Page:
Merck granted U.S. Patents for Foundational CRISPR-Cas9 Technology
A leading science and technology company, Merck, announced that in the United States, two of its CRISPR-Cas9-assisted genome-editing patents have been allowed. In their work to advance and protect gene therapy development programs, these allowances provide Merck with the opportunity to support U.S. scientists and researchers. The company is seeking collaboration partners for research and product development and is in active discussions to license its foundational technology for therapeutic and other uses.
A member of the Merck Executive Board and CEO, Life Science, Udit Batra said, “For many genome-editing applications and to develop personalized therapies, CRISPR-based DNA cleavage and integration can be used, thus, this is important news for researchers. To ensure that the full potential of this powerful tool is realized, responsibly, and ethically, throughout the scientific community, we will license this technology, as a leading innovator of CRISPR technology. To fight the toughest diseases and improve human health, we look forward to continuing our work with academic and industrial partners to bring the best of our collective innovations.
For the creation of disease models and the development of gene therapy, researchers are now allowed to replace a disease-associated mutation witha beneficial or functional sequence, or delete such a mutation, commonly referred to as “knock-in” and “knock out, as these latest allowances cover Merck’s CRISPR-Cas9 cleavage and integration technology.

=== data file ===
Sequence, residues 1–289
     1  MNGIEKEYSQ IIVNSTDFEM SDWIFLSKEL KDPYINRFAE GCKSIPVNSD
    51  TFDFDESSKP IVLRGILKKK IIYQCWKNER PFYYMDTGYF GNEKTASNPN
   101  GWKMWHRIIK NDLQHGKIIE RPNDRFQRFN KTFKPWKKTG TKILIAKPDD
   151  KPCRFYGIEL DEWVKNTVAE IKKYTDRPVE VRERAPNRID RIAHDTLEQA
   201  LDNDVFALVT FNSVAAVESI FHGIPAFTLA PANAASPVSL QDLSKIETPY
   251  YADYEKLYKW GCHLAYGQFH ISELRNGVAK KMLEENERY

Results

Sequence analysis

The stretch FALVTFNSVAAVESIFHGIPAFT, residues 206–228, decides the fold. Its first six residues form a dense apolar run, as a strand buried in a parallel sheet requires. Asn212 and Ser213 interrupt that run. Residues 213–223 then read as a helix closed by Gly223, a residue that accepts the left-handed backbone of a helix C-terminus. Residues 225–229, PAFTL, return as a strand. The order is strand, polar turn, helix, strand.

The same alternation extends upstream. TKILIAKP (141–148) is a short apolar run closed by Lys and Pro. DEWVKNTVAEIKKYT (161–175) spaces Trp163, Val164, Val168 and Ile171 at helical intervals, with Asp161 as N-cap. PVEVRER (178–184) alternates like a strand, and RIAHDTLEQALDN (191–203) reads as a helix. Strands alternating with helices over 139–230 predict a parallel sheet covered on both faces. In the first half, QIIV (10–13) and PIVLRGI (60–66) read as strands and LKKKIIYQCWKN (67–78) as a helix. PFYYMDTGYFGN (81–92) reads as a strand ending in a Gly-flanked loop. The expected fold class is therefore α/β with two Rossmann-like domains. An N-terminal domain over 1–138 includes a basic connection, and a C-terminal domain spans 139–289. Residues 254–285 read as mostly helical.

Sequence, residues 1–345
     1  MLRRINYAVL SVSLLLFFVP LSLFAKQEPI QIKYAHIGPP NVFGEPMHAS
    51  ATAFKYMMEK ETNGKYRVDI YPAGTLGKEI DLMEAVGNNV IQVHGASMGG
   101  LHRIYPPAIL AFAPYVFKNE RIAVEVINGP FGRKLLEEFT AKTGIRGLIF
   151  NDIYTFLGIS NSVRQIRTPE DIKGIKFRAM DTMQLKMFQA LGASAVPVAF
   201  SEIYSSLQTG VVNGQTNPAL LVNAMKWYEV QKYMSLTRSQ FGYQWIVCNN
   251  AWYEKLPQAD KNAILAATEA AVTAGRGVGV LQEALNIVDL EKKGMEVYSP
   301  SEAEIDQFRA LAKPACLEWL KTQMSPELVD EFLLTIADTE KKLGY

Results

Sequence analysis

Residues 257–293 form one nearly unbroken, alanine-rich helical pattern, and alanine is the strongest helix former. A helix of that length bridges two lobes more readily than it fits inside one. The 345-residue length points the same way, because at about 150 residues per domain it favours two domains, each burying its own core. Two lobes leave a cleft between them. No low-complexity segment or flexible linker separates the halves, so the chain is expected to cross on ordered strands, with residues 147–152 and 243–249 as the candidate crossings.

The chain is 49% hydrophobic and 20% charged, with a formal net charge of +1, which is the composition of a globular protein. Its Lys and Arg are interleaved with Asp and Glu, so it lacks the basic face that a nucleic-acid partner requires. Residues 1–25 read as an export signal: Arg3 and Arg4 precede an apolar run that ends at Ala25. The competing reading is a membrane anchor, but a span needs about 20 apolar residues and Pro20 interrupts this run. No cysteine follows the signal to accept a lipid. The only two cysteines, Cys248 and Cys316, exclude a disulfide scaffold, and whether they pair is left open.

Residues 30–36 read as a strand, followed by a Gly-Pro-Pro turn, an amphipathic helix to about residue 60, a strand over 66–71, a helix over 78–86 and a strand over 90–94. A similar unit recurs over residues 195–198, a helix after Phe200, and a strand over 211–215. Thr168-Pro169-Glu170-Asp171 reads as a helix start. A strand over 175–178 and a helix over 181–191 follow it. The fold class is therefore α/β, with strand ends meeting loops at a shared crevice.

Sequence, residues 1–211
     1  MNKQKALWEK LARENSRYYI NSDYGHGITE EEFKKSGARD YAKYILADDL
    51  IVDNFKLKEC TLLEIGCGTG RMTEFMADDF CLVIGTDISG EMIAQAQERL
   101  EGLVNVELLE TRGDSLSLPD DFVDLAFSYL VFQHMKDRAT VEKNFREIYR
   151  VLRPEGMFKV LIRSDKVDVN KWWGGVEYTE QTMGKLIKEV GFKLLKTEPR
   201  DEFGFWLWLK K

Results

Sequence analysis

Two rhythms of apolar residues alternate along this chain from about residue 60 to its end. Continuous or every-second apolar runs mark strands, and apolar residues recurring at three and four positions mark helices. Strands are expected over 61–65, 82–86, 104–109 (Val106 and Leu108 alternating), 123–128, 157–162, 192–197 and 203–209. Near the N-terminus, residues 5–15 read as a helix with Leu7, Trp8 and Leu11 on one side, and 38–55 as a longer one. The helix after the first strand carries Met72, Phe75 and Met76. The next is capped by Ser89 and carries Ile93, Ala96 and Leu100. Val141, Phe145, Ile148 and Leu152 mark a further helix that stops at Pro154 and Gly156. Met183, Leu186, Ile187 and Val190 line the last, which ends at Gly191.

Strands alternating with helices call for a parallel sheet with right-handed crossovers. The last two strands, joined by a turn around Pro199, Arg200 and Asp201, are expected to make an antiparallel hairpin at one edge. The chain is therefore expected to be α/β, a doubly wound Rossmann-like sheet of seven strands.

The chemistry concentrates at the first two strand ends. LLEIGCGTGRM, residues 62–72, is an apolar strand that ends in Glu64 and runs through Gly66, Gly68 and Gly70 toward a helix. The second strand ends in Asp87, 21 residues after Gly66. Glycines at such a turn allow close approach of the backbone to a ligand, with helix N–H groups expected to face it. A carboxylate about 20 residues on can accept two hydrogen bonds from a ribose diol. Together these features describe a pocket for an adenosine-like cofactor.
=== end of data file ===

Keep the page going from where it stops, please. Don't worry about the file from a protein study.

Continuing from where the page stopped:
These grants mark the third and fourth CRISPR patents in the U.S. and 25th and 26th patents worldwide belonging to Merck. The company has CRISPR patents granted in South Korea, Singapore, Israel, Europe, China, Canada, Australia, with related patent filings in Japan, India, and Brazil.
Merck has 16 years’ experience with genome editing, spanning discovery to manufacturing, and CRISPR technology its core competency. A range of genome-editing applications, including CRISPR libraries for genetic screens, and technologies in gene integration, in gene knockout are developed by the company. Merck’s proxy-CRISPR technology, which makes genome editing more efficient, flexible, and specific, the company received its first U.S. patent in February 2019.
To simplify technology access for companies conducting CRISPR-based research via patent pooling agreements, Merck considers that now is the time for the key CRISPR intellectual property stakeholders to come together. In July 2019, for CRISPR patent licensing, Merck and The Broad Institute announced their collaboration agreement.
There have been scientific, legal, and societal concerns due to the growing potential of genome-editing technologies. Under careful consideration of ethical and legal standards, Merck supports research with genome editing. To provide guidance for research, Merck has established an independent, external Bioethics Advisory Panel. A clear Genome-Editing Technology Principle has been developed, defined, and transparently published, which informs promising therapeutic approaches for use in research applications taking scientific and societal issues into account.